It’s barely gone September as I write this, but already in the place where I live the nights are growing cold. The sun, which all summer long took its sweet time to slide away behind the hills at the close of day, drops now like a quarter into a jukebox. Autumn is not here yet, but it’s close enough that it’s time to think about taking the boots and the barn coat out of storage. It’s time to think about building some cold frames and covering the garden. It’s time again to play Acadie.
Marking Daniel Lanois’s recorded debut as a singer-songwriter after serving production duties on some of the biggest records of the ’80s, Acadie was largely unencumbered with the weight of expectation. Oh, it was a given that the thing would sound great, would be charged with the same blend of ethereal atmosphere and smoky groove that characterized Lanois’s work with U2, the Neville Brothers, Robbie Robertson, Peter Gabriel, and Bob Dylan — projects that saw Lanois becoming, in effect, a member of the band. But as anyone who ever paid full price for a Davitt Sigerson album will tell you, it’s no good being the name above the title if you haven’t got the songs to back it up. And it’s the songs that make Acadie such an endearing (and enduring) record.
As a songwriter, Lanois forgoes both the anthemnal gestures of U2 and the carnival funk of the Neville Brothers, pitching Acadie to a very human scale. Listen to “O Marie”(download) — just two close-miked acoustic guitars, plenty of natural room sound, and a soft, sleepy baritone; that’s all there is to it — but it manages to sound massive and intimate all at once, a universal hard-luck story made fresh and specific by the language and the details.
Thopse images recur throughout the album — of working-class French-Canadians, economically displaced, eking it out in the city while pining for the beloved countryside now lost to them, the “Arcadia” of the title. Migration, yearning, loss; the passing of time, keenly felt. This is what autumn is all about.
Acadie has a large roster of guest musicians, and Lanois deploys them discreetly, in service to the songs, giving each a distinctive sonic character while sustaining the overall mood. “Still Water” (download) features U2’s rhythm section at their most understated and lyrical, and subtle, almost subliminal keyboards from Brian Eno. Aaron Neville’s unmistakable voice comes in as a counterpoint on a spacey, album-closing version of “Amazing Grace,” brimming with stately melancholy; but he sounds a celebratory note, as well, on “The Maker” (download), which turns a New Orleans groove inside out and reassembles it into a plaintive modern hymn.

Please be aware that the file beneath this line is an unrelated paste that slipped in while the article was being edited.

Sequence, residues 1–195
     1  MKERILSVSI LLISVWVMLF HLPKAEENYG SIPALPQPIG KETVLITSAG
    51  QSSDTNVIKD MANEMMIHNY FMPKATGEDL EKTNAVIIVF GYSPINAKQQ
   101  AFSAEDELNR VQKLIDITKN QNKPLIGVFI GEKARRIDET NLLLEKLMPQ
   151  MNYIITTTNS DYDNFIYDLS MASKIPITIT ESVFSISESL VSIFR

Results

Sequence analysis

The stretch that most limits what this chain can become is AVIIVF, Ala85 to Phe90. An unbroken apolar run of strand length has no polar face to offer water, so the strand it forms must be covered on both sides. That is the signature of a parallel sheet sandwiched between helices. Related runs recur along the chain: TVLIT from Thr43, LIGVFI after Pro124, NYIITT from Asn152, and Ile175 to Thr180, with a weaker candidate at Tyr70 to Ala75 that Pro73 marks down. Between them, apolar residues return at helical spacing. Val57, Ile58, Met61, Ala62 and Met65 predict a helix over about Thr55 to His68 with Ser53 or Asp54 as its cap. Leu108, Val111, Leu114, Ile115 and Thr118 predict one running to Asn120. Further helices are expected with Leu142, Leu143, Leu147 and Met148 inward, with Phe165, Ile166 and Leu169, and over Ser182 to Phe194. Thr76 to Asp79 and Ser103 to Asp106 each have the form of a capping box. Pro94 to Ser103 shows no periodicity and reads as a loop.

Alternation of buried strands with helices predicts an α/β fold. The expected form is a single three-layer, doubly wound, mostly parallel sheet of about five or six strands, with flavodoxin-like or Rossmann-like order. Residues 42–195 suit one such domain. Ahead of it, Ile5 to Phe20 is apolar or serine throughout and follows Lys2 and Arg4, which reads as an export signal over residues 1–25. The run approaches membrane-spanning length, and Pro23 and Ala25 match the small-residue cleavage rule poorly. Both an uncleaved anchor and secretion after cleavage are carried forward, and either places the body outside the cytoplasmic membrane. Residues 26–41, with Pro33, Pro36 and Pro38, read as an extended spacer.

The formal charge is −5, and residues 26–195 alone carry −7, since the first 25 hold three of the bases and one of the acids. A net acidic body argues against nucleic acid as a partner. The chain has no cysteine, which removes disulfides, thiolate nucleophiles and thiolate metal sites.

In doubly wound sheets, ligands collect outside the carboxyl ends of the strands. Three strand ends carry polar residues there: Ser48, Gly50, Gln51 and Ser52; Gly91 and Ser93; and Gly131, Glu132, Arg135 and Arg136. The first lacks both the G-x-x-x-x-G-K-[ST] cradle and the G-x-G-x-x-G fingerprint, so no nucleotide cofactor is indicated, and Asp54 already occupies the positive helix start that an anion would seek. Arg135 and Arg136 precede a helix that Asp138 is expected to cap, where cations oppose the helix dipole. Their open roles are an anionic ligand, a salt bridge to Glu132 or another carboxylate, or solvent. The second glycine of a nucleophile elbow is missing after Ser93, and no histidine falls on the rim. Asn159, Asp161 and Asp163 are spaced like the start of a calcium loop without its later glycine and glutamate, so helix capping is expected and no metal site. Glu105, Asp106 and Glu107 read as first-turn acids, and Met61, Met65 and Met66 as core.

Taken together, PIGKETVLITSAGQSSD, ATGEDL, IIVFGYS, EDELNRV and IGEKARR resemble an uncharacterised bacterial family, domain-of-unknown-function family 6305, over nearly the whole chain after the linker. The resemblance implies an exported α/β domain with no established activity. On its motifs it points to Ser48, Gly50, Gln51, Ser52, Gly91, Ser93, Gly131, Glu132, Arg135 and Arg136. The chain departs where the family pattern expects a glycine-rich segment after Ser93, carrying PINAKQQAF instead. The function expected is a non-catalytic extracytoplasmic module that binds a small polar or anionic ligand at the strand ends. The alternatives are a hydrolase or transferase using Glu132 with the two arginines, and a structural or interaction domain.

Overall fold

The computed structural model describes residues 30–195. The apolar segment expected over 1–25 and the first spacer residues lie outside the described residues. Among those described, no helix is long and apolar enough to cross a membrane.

Then there is Lanois’s own voice; not just his singing — so conversational, so present, slipping freely between English and Quebecois French within a single line, with the shifting of a thought — but the voice of his lyrics. The words are plain, but there’s an air of mystery, like we’re hearing only snatches of a long ongoing conversation. He never overreaches, but the images are full of emotion. Lanois always resists the urge to tell us too much. It’s oddly reminiscent of John Cale’s writing circa Paris 1919 — he implies a wide screen, but gives us only sketchy corners of the picture.
And it keeps me coming back, year after year, when I need a jacket in the morning and a walk with the dog leaves my shoes soaked and chilly. If a strange vignette like “Silium’s Hill” or “St. Ann’s Gold”(download) moves me, leaves me spooked or wistful or exalted, maybe I couldn’t tell you why. Or maybe it’s the same feeling I get when I see a flock of geese, their V-shape tangled in the turning of their course, cutting some cryptic rune across a cold and brilliant sky. It’s the feeling that signals are going out somewhere, for those who can hear them; a time for goodbyes, for journeys and the shifting o0f the seasons, when home is a memory of lighted windows and soup on the stove, a fire in the hearth and a gentle voice and a naÃ¯ve melody in a corner of the kitchen, murmuring low, just there, at the edge of hearing. (Note: Lanois has reissued Acadie under his own Red Floor Records imprint, adding six new tracks and a 32-page booklet of “photographs and new inscriptions.” Order it here. –Ed.)